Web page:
June brings dramatic changes at the top of the U.S. Department of the Interior (DOI or Interior). New hands will control the levers of power and, as a result, the organization that controls one-fifth of the land area of the United States, 35,000 miles of coastline and 1.75 billion acres of offshore resources will alter how it operates. It thus makes sense to ask: What will happen next and why does it matter?
While many are convinced that Sally Jewell is poised to be an outstanding Secretary of the Interior, she brought few new faces with her and cannot manage this behemoth singlehandedly. Yet six weeks after her arrival, Deputy Secretary David Hayes, is leaving and there is no successor at hand.
This is a crucial problem because Deputy Secretary Hayes—and his predecessors in the second Bush Administration—have styled the job as a chief operating officer (COO) and concentrated the reins of power in that office. So there will be a power vacuum. The only questions are how big, and who fills it?
Obviously, the COO structure is not required for successful performance. But any new management system will take time to both establish and to implement. As a result, policy momentum at the department could slow as power is re-delegated and new players—or more players—exercise broader spans of control.
There are practical reasons why changes in the distribution of authority and span of control near the top of Interior are important. As my previous boss, former Secretary of the Interior Bruce Babbitt, has said: Interior is the “Department of Everything Else.” It is a diverse collection of enterprises and contradictory authorities only loosely affiliated under the same roof. In many ways, key elements of Interior are in direct conflict and often pull in opposite directions. Consequently, one recipe for successful secretariats (Mr. Babbitt, Harold Ickes) has been strong, central leadership reconciling conflicts quickly and actively managing Interior's many complexities to effect change and get results. Surely having a veteran manager in place has eased Secretary Jewell's transition into public service. But in June, we can only guess whether and how the role of COO will be filled or replaced.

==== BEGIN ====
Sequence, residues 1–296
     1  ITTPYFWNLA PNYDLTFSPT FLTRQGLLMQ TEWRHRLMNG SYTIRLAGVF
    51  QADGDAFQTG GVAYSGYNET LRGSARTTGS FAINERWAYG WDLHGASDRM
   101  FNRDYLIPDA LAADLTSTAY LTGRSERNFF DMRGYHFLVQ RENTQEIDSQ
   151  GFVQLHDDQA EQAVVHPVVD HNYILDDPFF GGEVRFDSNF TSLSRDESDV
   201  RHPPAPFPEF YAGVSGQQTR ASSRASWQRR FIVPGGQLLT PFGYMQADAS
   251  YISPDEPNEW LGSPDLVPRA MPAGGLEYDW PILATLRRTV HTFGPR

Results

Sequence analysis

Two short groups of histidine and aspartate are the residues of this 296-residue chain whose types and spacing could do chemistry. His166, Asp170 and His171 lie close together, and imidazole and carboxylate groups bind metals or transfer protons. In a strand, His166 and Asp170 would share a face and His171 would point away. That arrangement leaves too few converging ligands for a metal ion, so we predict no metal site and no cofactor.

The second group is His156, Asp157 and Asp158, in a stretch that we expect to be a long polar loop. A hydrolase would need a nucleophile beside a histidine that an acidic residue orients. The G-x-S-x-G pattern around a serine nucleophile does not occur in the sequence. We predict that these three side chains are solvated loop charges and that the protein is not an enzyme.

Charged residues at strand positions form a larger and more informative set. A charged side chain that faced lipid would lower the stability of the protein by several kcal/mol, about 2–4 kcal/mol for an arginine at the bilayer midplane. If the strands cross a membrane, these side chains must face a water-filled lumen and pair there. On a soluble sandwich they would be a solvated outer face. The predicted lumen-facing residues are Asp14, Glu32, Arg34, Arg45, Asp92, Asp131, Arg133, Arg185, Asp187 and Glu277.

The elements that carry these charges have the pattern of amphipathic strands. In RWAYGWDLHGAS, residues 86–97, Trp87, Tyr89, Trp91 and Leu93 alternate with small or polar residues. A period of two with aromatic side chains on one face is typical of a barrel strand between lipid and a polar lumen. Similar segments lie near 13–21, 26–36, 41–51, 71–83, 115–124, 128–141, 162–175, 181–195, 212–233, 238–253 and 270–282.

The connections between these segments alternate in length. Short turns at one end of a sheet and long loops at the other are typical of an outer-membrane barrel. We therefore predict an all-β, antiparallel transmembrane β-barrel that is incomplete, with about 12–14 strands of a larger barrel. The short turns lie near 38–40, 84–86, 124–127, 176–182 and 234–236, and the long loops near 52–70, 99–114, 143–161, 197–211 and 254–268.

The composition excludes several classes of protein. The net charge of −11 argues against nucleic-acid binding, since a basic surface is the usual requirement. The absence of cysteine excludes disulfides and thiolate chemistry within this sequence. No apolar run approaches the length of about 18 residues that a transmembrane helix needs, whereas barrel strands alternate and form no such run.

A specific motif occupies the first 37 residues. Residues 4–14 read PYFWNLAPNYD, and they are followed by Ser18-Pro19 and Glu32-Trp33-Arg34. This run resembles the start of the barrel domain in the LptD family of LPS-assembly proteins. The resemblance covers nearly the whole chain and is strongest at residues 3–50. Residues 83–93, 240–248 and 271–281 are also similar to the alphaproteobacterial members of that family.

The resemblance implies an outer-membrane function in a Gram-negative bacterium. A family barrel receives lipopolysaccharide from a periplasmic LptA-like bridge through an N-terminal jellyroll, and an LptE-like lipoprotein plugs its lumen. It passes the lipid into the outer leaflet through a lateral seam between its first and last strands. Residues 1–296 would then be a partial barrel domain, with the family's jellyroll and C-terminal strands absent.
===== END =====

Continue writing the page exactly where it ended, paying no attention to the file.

What happens next matters because managing Interior well is important to a broad set of private and public interests. On a daily basis, its employees are expected to perform ordinary tasks exceptionally well or the consequences can be serious. The risks of setbacks can be disastrous, as the country learned during the Deepwater Horizon debacle in 2009.
Daily operations at Interior are challenging. For example, our National Park System may be a triumphant symbol of our faith in the future of our nation and our democracy, but many of the parks are directly threatened by overuse, aging infrastructure and deferred maintenance. The western states (that were settled and developed with direct federal assistance provided by elements of Interior) are now gripped by another serious drought. There are over 200 “candidate species” queuing for possible placement on the Endangered or Threatened Species Lists, while the U.S. House of Representatives is considering spending 20% less each year to support Interior. In addition, the pending Interior rulemaking on “fracking” (techniques to release natural gas or petroleum from subsurface rock layers) has attracted critics on all sides, from those claiming it may accelerate, to others who say it will slow a U.S. natural gas boom that is remaking the nation's economy and reshaping the geopolitics of liquid fuels.